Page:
Society expects “rehabilitation,” yet when we enter these walls, we are dehumanized, which is in fact the exact opposite of rehabilitation. We grieve what happened to people in Nazi concentration camps, yet choose to incarcerate moms, dads, grandparents, charge children as adults, where they are denied nutrition, sunshine, space, human contact, exercise, basic employment, even the education they’re promised. When do we/you start facing the reality of what mass incarceration is doing to our great United States of America? When do we stop playing “prison reform” and do an entire prison overhaul? A suggestion would be to ask actual prisoners, current and prior, what prisons need and don’t need. Then take their advice. Keep it simple. You are the voice of an entire country. Will you be a voice for us?

I am not sure if you are familiar with Abraham Maslow’s Hierarchy of Needs. Maslow’s Hierarchy of Needs describes five separate stages of human needs that motivate our human behaviors. Maslow theorizes that humans must focus on their basic needs, survival needs, until they are met. Until our survival needs are met, we as human beings cannot begin to… Well, anything else.

As a child, I was passed from one foster family to another. I also lived with my real father for 3-4 years after which I was adopted at age 9. At age 11 I was placed back in foster care. I was sent back to my adopted mom’s home at 13. I moved out on my own at age 14, and I have been on my own ever since.

I was finally free from rape and daily beatings. I was also never again locked in a closet, left unfed, and no one tried to drown me in the bathtub, or burn my face with scalding hot water. I was even allowed to sleep lying down. These examples don’t even begin to speak to the horrors I lived or the tapes that replay in my head every single day. At no time in my life have I ever been able to move to the “love and belonging” stage of Maslow’s Hierarchy of Needs. Other than my children and brother, I don’t understand the concept of love. It is foreign because I’ve not experienced it. Yet I grew up in a system that was supposed to do more for me than my parents.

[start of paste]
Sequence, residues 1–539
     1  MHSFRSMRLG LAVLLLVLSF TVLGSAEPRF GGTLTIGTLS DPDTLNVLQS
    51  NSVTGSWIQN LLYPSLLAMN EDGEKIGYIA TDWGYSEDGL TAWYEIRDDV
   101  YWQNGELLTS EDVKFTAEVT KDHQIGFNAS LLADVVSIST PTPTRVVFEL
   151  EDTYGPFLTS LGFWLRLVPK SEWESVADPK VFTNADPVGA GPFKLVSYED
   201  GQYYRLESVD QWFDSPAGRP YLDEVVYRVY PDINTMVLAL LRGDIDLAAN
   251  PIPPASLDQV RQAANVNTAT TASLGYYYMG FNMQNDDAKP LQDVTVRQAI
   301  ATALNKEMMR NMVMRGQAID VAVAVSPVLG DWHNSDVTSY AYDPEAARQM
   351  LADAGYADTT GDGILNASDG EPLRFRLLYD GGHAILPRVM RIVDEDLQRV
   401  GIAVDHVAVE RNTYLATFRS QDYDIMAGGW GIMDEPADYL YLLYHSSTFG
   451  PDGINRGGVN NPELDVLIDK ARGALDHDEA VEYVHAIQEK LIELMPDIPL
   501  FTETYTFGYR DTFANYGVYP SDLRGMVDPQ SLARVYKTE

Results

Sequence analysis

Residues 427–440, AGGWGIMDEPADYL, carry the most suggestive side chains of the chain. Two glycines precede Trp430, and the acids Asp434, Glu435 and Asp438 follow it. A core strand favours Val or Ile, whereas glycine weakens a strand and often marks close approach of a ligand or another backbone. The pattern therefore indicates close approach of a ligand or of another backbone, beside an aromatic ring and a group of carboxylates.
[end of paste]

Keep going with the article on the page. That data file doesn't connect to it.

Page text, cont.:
While in prison, I have personally begged for therapeutic treatment specific to post-traumatic stress disorder (PTSD). I was told that my “mental health safety” is not in policy. Not having PTSD therapy in prisons is akin to telling a war veteran he must remember the war daily but will not be given therapy.

When rehabilitation doesn’t raise us above the bottom two levels either, how are we expected to know how to self-actualize, which is what rehabilitation is intended to be directed towards? If you/we could reform the system of rehabilitation to let us at least know we are loved and belong to the human race, it would be a step in the right direction. Such as teaching all inmates that even though we have made mistakes, we are not a mistake. We are all still worthy of love, kindness, patience, and acceptance, not shame, abandonment, and dehumanization.

I think, therefore I am. We think, therefore we are. While in our writing class, preparing our publications, we were given a free writing exercise. We were to take a landscape and describe it as an experience. We were only given a few minutes to do so. This is the experience I wrote. It is also an example of what our first thoughts are like and why many of us become prisoners, especially within ourselves. It is my hope that you can finally see us as the real human beings that we are. Humans that deserve compassion, the same as you.

“When I was a child still living in Louisiana, we had fields on 3 sides of our home and woods as our back yard. In the middle of the woods was a trail that walked us to a creek that ran into the Gulf of Mexico. Although the woods could be scary because of the wild animals, such as tree snakes, that we couldn’t see, the woods were my safest place of my childhood. My brother and I would run to the woods to hide from our dad if we had the opportunity to know he was coming. We would hide behind or in trees or sometimes run all the way to the creek and hide in bushes there. Even though my heart would be racing from anxiety, I always knew I was safer in the woods. As an adult, I can see how I could picture my emotions separately hiding behind different trees. Hiding from me and themselves, at times running all the way to the creek. To the deepest, safest place within me.”

Thank you for listening.

“And he changeth the times and the seasons: he removeth kings, and setteth up kings: he giveth wisdom unto the wise, and knowledge to them that know understanding: He revealeth the deep and secret things: he knoweth what is in the darkness, and the light dwelleth with him.” (KJV, Daniel 2:21-22)